Blogger: Wendy Lawton
I received the email below a couple of weeks ago. As I began to answer this I decided I should tackle the answer here and then let you chew on this with me and help me come up with the real answers.
Here’s the email:
I am a student at a community college and would like to know if you would PLEASE give me brief advice on the type of degree I need or classes that would help me write children’s books or more specifically a line of children’s books.
I live in [deleted] and want to look at my path through an agents eyes to pair with my school’s counseling center’s advice.
First, it is tough to be brief with a question like this one. There’s much to consider. Let’s look at five things here but focus on the comment section for the real wisdom.
- I would say that the people to answer this question would be the Society of Children’s Book Writers and Illustrators (SCBWI). I noticed that grants given by SCBWI are given to students majoring in English or Creative Writing programs, so those two majors would be one bit of advice.
- Most agents would not recommend creative writing programs because they tend to focus on literary fiction as opposed to commercial fiction. Why would an agent steer an author away from literary toward commercial? Hint: Commercial means that which sells.
- English, of course, would be the major most likely to prepare you to write. Journalism is also a good major for someone who wants to write professionally. But let me come back to that.
- Authors need to be communicators on many levels these days. I’d suggest you not stint on speech classes (you’ll make a good part of your income doing school visits and speaking). You’ll also want to learn everything you can about social media.If I were you, I’d learn to design and run a website as well.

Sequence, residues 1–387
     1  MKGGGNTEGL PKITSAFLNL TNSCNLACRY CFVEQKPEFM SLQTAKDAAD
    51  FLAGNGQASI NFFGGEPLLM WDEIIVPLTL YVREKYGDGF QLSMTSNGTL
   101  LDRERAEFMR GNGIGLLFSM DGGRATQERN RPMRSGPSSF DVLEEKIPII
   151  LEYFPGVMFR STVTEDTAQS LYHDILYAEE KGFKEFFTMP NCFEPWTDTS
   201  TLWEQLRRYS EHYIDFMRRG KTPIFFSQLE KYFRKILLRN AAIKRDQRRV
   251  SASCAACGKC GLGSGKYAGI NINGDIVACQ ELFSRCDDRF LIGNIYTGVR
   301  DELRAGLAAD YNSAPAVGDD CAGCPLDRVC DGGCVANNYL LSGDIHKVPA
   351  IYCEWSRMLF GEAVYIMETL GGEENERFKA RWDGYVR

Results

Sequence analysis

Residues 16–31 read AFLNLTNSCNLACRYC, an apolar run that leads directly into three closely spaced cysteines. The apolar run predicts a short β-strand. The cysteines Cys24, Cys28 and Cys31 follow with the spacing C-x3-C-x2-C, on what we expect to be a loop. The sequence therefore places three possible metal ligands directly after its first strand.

- I don’t want to discourage you in any way but let’s talk turkey here. There are precious few writers making a living as children’s authors. And if you are going to be one of those who does make a living, or even a fortune (it could happen), it will take a number of years to get there. If you don’t have a patron of the arts (also called a working spouse) you are going to need to support yourself while you write. When I look at the list of successful Books & Such clients I see teachers, a pharmacist, doctors, pastors, lawyers, a biochemist, artists,construction workers, firemen, social media experts, etc., etc. All that to say this: you may want to get a dual major– the one that prepares you to write and the one that will put food on the table while you are building your writing career.
Okay, blog community, your turn. I’ve let this student know you’ll be chiming in today so what advice would you give her?
Which college major prepares me to write successfully? Click to Tweet
English? Creative Writing? Journalism? Which is the best college major for a writer? Click to Tweet